The redesigned Crux has a singular purpose: racing. Look elsewhere for a big clearance gravel bike or aggressive commuter. That lack of a wide-ranging agenda is very much to the Crux’s advantage. Aggressive geometry and ’cross-specific details, such as tube shapes tailored to shouldering, combine to create Specialized’s best ’cross bike to date, and one of the best bikes this race season.
The Crux delivers quick handling, and it’s easy to flick around during manic race starts. Specialized blends a nimble ride with a low bottom bracket (69 millimeters of drop) that supplies stability on loose, off-camber terrain. It has a 1,026-millimeter wheelbase and 72-degree head tube angle that reinforce the bike’s stability for diverse cyclocross courses.
The 900-gram (size 56cm) frame is constructed with Specialized’s stiffest carbon fiber, which makes the bike zip off the starting grid. Despite the light weight and stiffness, the Crux avoids skittishness; instead, it feels planted, even under hard input in tight and fast corners.
A short 155-millimeter head tube and long 563-millimeter top tube offer an aggressive position, while the 73.25-degree seat tube angle keeps the rider in a powerful stance over the pedals. While it’s possible to achieve a more forgiving position with headset spacers and a few other tweaks, the Crux is all aggression, with the long and low position that racers crave.
’Cross-specific details help spice up the Crux’s straightforward design. A flattened top tube provides an ideal grasping point when hauling it up stairs like a suitcase. An open front triangle provides more room for shouldering as well. The Crux frame is compatible with single- and double-chainring drivetrains and features internal cable routing to protect the bike’s shifting and braking in mucky conditions.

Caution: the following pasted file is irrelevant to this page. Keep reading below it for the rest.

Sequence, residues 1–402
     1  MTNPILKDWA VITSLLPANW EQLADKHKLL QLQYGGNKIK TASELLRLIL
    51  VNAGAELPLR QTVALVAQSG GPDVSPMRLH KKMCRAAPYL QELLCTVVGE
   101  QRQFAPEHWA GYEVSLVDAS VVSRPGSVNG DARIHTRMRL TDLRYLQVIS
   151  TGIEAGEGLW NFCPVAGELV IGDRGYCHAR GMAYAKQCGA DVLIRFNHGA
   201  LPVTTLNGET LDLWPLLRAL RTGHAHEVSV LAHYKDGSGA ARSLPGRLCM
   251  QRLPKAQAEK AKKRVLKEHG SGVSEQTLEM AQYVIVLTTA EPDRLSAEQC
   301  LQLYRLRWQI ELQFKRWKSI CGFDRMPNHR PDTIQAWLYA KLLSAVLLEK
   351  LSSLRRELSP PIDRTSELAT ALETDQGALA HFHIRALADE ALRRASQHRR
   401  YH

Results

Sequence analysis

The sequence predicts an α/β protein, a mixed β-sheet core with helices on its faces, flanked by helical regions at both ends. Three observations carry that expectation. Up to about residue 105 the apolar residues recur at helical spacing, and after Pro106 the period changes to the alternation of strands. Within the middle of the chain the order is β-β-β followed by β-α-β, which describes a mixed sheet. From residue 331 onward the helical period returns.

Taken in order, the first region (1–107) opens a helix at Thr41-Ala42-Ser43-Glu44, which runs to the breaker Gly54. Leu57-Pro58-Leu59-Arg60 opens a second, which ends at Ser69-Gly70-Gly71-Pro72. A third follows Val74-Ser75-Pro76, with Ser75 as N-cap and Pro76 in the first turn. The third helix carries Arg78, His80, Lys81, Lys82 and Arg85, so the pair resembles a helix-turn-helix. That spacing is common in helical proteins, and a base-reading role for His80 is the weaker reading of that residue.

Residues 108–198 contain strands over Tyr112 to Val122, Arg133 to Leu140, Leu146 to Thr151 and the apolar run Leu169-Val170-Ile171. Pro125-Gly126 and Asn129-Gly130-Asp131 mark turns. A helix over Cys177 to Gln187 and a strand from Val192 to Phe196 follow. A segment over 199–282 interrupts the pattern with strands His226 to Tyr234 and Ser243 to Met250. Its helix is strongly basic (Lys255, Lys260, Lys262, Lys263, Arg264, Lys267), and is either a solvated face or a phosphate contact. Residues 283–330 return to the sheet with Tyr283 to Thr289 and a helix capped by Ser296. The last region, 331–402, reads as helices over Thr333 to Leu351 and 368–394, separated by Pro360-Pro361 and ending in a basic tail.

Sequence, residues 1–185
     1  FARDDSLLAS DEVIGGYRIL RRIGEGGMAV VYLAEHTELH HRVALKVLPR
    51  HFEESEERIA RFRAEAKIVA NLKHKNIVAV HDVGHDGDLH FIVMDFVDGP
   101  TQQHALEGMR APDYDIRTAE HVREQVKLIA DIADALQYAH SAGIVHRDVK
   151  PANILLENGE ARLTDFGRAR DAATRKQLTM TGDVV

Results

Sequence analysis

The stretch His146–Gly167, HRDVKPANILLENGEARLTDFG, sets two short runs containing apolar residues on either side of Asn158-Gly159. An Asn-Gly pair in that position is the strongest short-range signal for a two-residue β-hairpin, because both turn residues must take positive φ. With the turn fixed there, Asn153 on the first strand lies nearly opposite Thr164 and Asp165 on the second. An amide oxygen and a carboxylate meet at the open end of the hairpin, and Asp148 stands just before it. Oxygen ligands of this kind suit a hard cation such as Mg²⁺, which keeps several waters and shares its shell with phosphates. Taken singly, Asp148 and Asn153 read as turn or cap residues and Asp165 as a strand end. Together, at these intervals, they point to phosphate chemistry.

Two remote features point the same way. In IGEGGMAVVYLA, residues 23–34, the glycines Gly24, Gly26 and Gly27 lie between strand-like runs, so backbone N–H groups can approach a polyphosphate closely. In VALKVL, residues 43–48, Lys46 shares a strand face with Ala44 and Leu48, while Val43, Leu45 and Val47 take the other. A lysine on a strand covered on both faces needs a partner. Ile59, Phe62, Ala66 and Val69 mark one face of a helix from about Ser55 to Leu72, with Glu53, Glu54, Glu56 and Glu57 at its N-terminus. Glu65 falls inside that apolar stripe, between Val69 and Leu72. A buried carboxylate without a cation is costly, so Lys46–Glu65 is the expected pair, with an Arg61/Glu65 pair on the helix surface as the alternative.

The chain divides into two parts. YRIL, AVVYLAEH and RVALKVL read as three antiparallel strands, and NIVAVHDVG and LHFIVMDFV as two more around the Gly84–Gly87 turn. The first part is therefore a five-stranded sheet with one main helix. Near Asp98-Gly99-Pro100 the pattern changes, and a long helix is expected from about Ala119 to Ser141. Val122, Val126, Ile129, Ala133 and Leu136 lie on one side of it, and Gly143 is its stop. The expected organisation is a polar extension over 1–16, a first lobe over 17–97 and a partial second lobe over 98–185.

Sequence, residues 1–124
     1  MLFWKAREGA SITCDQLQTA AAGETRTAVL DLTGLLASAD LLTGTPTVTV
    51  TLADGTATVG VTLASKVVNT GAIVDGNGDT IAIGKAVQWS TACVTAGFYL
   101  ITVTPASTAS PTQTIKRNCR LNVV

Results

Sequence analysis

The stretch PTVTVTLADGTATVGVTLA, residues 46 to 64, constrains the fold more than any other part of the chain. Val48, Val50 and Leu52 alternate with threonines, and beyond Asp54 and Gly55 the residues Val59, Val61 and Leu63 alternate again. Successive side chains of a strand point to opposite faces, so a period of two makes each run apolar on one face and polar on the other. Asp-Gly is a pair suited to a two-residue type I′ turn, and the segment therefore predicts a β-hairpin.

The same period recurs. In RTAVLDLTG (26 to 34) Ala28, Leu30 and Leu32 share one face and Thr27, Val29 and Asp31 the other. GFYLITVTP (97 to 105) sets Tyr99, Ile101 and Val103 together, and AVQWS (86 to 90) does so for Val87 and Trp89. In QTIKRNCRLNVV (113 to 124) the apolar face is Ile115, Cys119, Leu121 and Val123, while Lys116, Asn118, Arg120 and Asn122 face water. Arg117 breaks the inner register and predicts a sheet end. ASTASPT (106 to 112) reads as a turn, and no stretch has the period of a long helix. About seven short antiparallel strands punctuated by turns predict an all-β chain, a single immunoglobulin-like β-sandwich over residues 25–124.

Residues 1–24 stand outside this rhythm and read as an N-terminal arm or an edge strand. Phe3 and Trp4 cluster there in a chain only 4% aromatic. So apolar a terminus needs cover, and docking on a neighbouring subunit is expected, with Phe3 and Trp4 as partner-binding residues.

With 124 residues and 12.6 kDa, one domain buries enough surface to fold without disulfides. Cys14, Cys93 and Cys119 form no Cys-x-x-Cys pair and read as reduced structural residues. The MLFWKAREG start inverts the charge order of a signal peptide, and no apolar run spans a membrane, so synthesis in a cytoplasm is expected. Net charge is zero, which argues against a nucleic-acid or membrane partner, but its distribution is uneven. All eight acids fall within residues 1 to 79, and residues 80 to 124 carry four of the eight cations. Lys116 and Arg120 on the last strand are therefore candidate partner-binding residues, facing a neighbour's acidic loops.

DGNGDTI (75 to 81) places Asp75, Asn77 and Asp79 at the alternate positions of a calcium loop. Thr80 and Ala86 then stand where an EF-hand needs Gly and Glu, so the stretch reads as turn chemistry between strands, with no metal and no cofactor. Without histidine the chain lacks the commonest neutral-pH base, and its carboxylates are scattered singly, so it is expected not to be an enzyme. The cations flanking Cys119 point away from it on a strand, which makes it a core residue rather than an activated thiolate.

When it comes to muddy courses, the Crux offers eight millimeters of mud clearance when paired with a 33-millimeter tire. The S-Works Crux model also features a new hydrophobic paint that Specialized says helps prevent mud from sticking to the frame. The Crux Expert does not have this paint scheme, sadly.
The Crux Expert X1 comes equipped with SRAM’s Force 1x drivetrain and hydraulic disc brakes, offering a simple, smooth, and lightweight build. But the Roval SLX 23 Disc tubeless-ready wheels didn’t jibe with the rest of the spec. At this price point, the bike should be race-ready out of the box. Yet the Roval tubeless wheels are nearly a pound heavier than a set of Zipp 303 carbon tubulars. Serious racers should reserve the stock wheels for training.
The good news is that if you do want to swap your wheels on race day, Specialized ditched the unconventional SCS rear spacing and opted for the ubiquitous 142×12-millimeter axle, opening up a wide range of wheel upgrade options. Up front, the Crux’s carbon fork is built around a 12×100-millimeter thru-axle.
Specialized ticks all of the boxes with the new Crux. It’s light, it’s fast, and it feels like a purebred racer. Sacrificing the “do everything” mindset has allowed Specialized to craft its best ’cross-specific bike yet.